I am in favor of nuclear energy use. However…. IT MUST BE DONE RIGHT. And that would include using the best materials and locating the generators in places that would not put major population centers at risk, prime farmland etc.

    I guess you feel 30, or 70 or whatever is a necessary risk… but of course it does not take into account the costs to society and families. Hundreds of thousands had to be relocated… businesses, shops and devastation to an economy. How about the thousands (many of them children at the time of exposure) ended up with thyroid cancer.

    From IAEA report

    The projections indicate that, among the most exposed populations (liquidators, evacuees and residents of the so-called ‘strict control zones’), total cancer mortality might increase by up to a few per cent owing to Chernobyl related radiation exposure. Such an increase could mean eventually up to several thousand fatal cancers…

    among the more than 4000 thyroid cancer cases diagnosed in 1992–2002 in persons who were children or adolescents at the time of the accident, fifteen deaths related to the progression of the disease had been documented by 2002.

    A total of 784 320 hectares of agricultural land was removed from service in the three countries, and timber production was halted for a total of 694 200 hectares of forest

    Nuclear power use should never be approached cavalierly… it is serious business. We should never cheerlead for such a process. The industry needs to make its case. Keep in mind when it comes to money people will do and say anything to get their way. As much as I want to use this form of power… I think it is prudent to be an advocate and skeptic at the same time.

    John, you obviously knew a number of deaths before asking me… I can see your perspective, hey only 30, 70, 100, whatever died. Things happen. Planes crash etc. But you are minimizing the over all danger. This would be worse than a Katrina… hundreds of thousands would be permanently effected. Although the “Soviet era” engineering was less secure… does not mean anything when we see the downside to using such energy and a major accident.

    Only in a few days will we know what will happen in Japan.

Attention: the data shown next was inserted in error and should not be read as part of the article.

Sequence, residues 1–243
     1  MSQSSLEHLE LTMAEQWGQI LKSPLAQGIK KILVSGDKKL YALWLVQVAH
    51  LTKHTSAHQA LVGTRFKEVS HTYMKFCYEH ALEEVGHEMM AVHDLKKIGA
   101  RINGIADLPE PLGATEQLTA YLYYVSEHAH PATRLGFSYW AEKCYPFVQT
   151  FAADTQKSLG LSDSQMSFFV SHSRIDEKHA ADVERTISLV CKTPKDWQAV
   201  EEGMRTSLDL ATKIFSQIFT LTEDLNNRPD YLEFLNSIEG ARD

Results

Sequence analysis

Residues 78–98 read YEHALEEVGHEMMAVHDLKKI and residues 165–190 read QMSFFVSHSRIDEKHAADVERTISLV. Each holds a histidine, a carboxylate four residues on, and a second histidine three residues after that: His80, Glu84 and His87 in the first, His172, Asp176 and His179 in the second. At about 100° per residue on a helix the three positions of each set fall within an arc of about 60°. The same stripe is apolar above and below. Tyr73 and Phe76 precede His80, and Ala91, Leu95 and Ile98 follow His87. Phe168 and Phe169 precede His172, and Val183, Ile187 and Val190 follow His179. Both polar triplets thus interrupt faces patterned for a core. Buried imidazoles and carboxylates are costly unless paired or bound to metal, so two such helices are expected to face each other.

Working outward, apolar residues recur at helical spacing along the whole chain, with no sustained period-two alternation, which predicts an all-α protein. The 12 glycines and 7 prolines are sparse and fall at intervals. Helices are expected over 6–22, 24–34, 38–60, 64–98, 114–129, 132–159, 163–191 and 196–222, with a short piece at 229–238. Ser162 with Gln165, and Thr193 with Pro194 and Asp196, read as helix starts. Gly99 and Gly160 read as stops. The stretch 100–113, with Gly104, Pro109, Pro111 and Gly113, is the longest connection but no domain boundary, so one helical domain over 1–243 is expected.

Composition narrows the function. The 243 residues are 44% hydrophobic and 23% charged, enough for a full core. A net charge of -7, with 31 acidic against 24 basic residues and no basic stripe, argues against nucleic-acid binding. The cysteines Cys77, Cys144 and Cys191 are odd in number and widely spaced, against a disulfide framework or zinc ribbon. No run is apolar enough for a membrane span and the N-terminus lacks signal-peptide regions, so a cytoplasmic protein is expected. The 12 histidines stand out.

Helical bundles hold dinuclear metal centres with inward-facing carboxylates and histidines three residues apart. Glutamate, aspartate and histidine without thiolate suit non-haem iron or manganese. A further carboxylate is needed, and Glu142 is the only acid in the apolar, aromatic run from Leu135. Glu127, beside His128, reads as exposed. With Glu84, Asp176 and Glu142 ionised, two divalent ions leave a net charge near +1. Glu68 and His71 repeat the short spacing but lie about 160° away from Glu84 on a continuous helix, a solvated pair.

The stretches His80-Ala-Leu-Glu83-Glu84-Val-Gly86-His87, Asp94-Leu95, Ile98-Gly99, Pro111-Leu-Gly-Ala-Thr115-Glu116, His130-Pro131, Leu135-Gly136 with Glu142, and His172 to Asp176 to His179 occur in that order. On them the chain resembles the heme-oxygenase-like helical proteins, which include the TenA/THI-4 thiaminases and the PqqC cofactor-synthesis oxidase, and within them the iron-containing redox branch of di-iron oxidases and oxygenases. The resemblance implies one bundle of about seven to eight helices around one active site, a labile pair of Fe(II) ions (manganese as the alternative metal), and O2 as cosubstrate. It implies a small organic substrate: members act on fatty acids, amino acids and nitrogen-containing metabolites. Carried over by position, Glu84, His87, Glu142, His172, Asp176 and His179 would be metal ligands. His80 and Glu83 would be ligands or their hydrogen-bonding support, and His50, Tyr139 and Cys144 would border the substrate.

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  20. blast says: 71

    17 US military exposed to radiation from Japanese power plant

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  21. John Cooper says: 72

    johngalt: Thanks for the info on thermolysis of water. I didn’t know about that. Wikipedia states:

    “Water spontaneously dissociates at around 2500 C, but this thermolysis occurs at temperatures too high for usual process piping and equipment. Catalysts are required to reduce the dissociation temperature.”

    Yikes! 2,500C is 4,532F! I have my Steam Tables right here and they only go up to 2,400F. So I’m wondering just how one would heat water to a temperature of 4,532F.

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  22. Nan G says: 73

    Apparently the US had depended on Japan to buy $100 million in our debt every year.
    This is about to stop.
    There is no hint as to whether Japan will sell what paper it does hold of US debt, but just not buying more can be very bad for us here, interest rate-wise and inflation-wise.
    ____________
    I saw a so-called expert on TV saying that every thing and every one on the USS Ronald Reagan’s deck was presumed exposed and washed down as if they and the stuff were ”hot.”

    Prayers.

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  23. John Cooper says: 74

    Let’s talk about the radiation released from the Fukushima nuclear plant for a moment. In the first place, it’s NOT “fallout”, like the idiots in the media are screaming. Fallout is the radioactive particles of dirt which were blasted into the atmosphere by a nuclear weapon. Those settle on things and get breathed in by unprotected people.

    Nobody has any idea what was actually released from Fukushima and therefore how dangerous it is and what kind of precautions should be taken. Chances are, it was mostly noble gassed Xe and Kr. Being “noble” they aren’t absorbed by the body even if they happen to be inhaled. So the “victim” gets a slight dose while the gas dwells in the lungs, but that’s it.

    Other stuff like Iodine and Cesium are a different matter. If they’re inhaled, they stay in the body and radiate it from the inside, eventually causing cancer. The Iodine seeks the Thyroid, and the Cesium seeks the bones since it’s chemically similar to Calcium. But if one is wearing the proper breathing protection mask, those are not a concern either.

    There are even worse things (fission fragments), but one would think a nuclear carrier would have plenty of skilled rad-protection people on board with state of the art monitoring equipment and protective gear. Also, one hopes that “someone” has been keeping track of the radioactive plume from the Japanese plants and the Captain didn’t just sail through it unprepared.

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  24. John Cooper, hi, how can we be sure of the adequate preparness done to protect our MILITARYS,
    AS NORMALY the PRESIDENT would publickly reassure the NATION of what has been done to make sure the CREW has been received all the attention required to protect them, by doing two actions, one was turn away theCARRIER and delay or cancel the original mission, and the number 2 is not having react promptly as soon as the JAPAN tragedy occur, therefor being totaly responsable for the CREW’s IRRADIATION and follow out of having been too close to it as they pass through the cloud,